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Page 6 of the Grolier Codex, depicting a death god with captive

{{#invoke:Italic title|main}} The Grolier Codex (sometimes referred to as the Sáenz Codex)<ref name="Yates2012"/> is a Maya book of a pre-Columbian type but of disputed authenticity. It first appeared in a private collection in the 20th century and was displayed at the Grolier Club in New York, hence its name.<ref>Gent 1971.</ref> The codex consists of a fragment of a Maya book, containing almanacs of Venus represented in a simplistic fashion.<ref name="SharerTraxler06p129">Sharer and Traxler 2006, p. 129.</ref> The Grolier Codex would be only the fourth surviving pre-Columbian Maya book if genuine.<ref name="Vail06p498">Vail 2006, p.498.</ref> The codex is said to have been recovered from a cave in the Mexican state of Chiapas in the 1960s, together with a mosaic mask and some blank pages of pre-Columbian fig-bark paper.<ref>Vail 2006, p. 498. Coe 1973a, p. 1502.</ref> It was displayed at the Grolier Club from April 20 to June 5, 1971,<ref>Coe 1973a, p. 5.</ref> and is now held in Mexico City.<ref name="SharerTraxler06p129"/> In 1973, Michael D. Coe published the first half-size recto-side facsimile of the codex in The Maya Scribe and His World, produced by the Grolier Club.<ref>Coe 1973a, pp. 152-153.</ref> The codex contains a Venus almanac that, in structure, is closely related to the Venus almanac contained in the Dresden Codex.<ref>Vail 2006, p. 501.</ref>

The codex, although displaying Mixtec stylistic features, is judged to be Maya (if genuine) based upon the use of bark paper instead of the deerhide preferred for Mixtec codices and because of the presence of Maya day signs and numbering.<ref>Milbrath 2002, pp. 52, 57.</ref>

The codex is poorly preserved; the surviving page fragments display a number of figures in central Mexican style, combined with Maya numbering and day glyphs. The document is currently held by the Museo Nacional de Antropología in Mexico city and is not on public display. The physics institute of the Universidad Nacional Autónoma de México subjected the codex to non-destructive testing in an effort to determine its authenticity. The results were published in 2007 and were mixed; the document apparently contains genuine pre-Columbian materials but certain aspects, such as seemingly artificially induced wear and tear, are suspect. The researchers concluded that they were unable to prove or disprove the pre-Columbian nature of the codex.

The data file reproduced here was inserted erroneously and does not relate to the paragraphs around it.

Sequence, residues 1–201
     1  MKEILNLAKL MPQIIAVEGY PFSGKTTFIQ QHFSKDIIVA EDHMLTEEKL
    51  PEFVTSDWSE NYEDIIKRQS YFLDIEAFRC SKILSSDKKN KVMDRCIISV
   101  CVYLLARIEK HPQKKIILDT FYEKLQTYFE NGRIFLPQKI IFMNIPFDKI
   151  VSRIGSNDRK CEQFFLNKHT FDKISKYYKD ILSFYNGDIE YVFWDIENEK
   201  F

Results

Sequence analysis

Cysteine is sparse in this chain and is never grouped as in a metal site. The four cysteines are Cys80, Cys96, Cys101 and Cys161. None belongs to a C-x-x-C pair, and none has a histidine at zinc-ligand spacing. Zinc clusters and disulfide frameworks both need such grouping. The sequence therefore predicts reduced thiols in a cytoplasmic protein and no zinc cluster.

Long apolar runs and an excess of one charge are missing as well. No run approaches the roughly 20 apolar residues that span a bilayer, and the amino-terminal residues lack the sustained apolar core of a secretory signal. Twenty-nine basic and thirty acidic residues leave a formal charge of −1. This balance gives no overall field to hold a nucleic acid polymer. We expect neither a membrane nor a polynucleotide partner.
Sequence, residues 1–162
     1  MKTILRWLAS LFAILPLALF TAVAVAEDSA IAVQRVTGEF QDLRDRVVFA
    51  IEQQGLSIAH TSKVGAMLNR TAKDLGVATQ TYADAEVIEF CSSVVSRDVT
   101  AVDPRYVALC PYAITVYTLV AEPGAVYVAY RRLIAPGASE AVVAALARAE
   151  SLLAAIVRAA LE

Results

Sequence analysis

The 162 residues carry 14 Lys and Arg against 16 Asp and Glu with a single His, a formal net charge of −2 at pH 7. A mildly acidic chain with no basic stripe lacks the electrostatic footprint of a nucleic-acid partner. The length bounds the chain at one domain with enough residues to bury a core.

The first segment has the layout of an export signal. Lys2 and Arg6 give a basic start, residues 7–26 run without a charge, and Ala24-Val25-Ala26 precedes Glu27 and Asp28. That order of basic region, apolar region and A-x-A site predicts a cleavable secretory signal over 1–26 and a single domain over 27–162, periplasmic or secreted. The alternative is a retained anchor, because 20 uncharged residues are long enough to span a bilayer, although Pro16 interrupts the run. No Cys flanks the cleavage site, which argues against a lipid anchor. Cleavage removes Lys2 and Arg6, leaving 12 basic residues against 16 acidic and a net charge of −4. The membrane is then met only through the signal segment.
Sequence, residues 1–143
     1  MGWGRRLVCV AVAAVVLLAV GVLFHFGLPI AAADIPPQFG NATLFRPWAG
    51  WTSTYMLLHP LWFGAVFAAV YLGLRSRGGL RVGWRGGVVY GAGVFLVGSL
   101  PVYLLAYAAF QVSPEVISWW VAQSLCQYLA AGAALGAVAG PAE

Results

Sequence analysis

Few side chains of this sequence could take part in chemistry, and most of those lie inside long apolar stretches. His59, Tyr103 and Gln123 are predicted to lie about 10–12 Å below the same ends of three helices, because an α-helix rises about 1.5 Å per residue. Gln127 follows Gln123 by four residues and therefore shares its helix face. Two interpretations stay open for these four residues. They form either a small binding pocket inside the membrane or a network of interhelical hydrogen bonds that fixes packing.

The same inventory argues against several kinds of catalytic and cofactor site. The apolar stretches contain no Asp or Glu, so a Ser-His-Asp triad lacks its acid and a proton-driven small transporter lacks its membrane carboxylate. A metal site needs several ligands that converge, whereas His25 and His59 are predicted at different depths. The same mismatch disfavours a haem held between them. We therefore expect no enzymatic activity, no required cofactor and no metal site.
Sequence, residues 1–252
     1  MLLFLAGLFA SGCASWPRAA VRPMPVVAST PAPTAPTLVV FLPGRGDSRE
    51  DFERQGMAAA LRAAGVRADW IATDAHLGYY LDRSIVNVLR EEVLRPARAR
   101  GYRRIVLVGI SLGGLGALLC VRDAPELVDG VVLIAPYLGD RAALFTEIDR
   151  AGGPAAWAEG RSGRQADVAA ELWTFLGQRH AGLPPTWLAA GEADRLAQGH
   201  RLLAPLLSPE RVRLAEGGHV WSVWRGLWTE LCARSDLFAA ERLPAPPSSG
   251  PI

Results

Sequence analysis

Grolier Codex sections
Intro  Physical characteristics  Content  Discovery  Authenticity  Notes  References  External links  

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Unknown extension tag "indicator"{{#invoke:Category handler|main}}

Page 6 of the Grolier Codex, depicting a death god with captive

{{#invoke:Italic title|main}} The Grolier Codex (sometimes referred to as the Sáenz Codex)<ref name="Yates2012"/> is a Maya book of a pre-Columbian type but of disputed authenticity. It first appeared in a private collection in the 20th century and was displayed at the Grolier Club in New York, hence its name.<ref>Gent 1971.</ref> The codex consists of a fragment of a Maya book, containing almanacs of Venus represented in a simplistic fashion.<ref name="SharerTraxler06p129">Sharer and Traxler 2006, p. 129.</ref> The Grolier Codex would be only the fourth surviving pre-Columbian Maya book if genuine.<ref name="Vail06p498">Vail 2006, p.498.</ref> The codex is said to have been recovered from a cave in the Mexican state of Chiapas in the 1960s, together with a mosaic mask and some blank pages of pre-Columbian fig-bark paper.<ref>Vail 2006, p. 498. Coe 1973a, p. 1502.</ref> It was displayed at the Grolier Club from April 20 to June 5, 1971,<ref>Coe 1973a, p. 5.</ref> and is now held in Mexico City.<ref name="SharerTraxler06p129"/> In 1973, Michael D. Coe published the first half-size recto-side facsimile of the codex in The Maya Scribe and His World, produced by the Grolier Club.<ref>Coe 1973a, pp. 152-153.</ref> The codex contains a Venus almanac that, in structure, is closely related to the Venus almanac contained in the Dresden Codex.<ref>Vail 2006, p. 501.</ref>

The codex, although displaying Mixtec stylistic features, is judged to be Maya (if genuine) based upon the use of bark paper instead of the deerhide preferred for Mixtec codices and because of the presence of Maya day signs and numbering.<ref>Milbrath 2002, pp. 52, 57.</ref>

The codex is poorly preserved; the surviving page fragments display a number of figures in central Mexican style, combined with Maya numbering and day glyphs. The document is currently held by the Museo Nacional de Antropología in Mexico city and is not on public display. The physics institute of the Universidad Nacional Autónoma de México subjected the codex to non-destructive testing in an effort to determine its authenticity. The results were published in 2007 and were mixed; the document apparently contains genuine pre-Columbian materials but certain aspects, such as seemingly artificially induced wear and tear, are suspect. The researchers concluded that they were unable to prove or disprove the pre-Columbian nature of the codex.


Grolier Codex sections
Intro  Physical characteristics  Content  Discovery  Authenticity  Notes  References  External links  

PREVIOUS: IntroNEXT: Physical characteristics
<<>>